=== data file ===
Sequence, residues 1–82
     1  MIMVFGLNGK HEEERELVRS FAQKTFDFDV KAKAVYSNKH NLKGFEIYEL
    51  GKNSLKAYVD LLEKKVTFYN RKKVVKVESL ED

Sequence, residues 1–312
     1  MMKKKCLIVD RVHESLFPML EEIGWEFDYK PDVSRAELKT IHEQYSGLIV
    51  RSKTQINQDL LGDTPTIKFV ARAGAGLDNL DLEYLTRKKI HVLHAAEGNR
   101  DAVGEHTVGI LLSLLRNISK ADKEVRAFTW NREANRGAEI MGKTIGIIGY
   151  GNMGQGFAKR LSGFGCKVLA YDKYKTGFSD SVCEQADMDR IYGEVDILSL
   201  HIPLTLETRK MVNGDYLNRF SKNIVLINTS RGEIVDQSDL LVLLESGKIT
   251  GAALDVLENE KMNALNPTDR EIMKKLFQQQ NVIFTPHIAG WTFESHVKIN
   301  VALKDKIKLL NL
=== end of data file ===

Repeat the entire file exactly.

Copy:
Sequence, residues 1–82
     1  MIMVFGLNGK HEEERELVRS FAQKTFDFDV KAKAVYSNKH NLKGFEIYEL
    51  GKNSLKAYVD LLEKKVTFYN RKKVVKVESL ED

Sequence, residues 1–312
     1  MMKKKCLIVD RVHESLFPML EEIGWEFDYK PDVSRAELKT IHEQYSGLIV
    51  RSKTQINQDL LGDTPTIKFV ARAGAGLDNL DLEYLTRKKI HVLHAAEGNR
   101  DAVGEHTVGI LLSLLRNISK ADKEVRAFTW NREANRGAEI MGKTIGIIGY
   151  GNMGQGFAKR LSGFGCKVLA YDKYKTGFSD SVCEQADMDR IYGEVDILSL
   201  HIPLTLETRK MVNGDYLNRF SKNIVLINTS RGEIVDQSDL LVLLESGKIT
   251  GAALDVLENE KMNALNPTDR EIMKKLFQQQ NVIFTPHIAG WTFESHVKIN
   301  VALKDKIKLL NL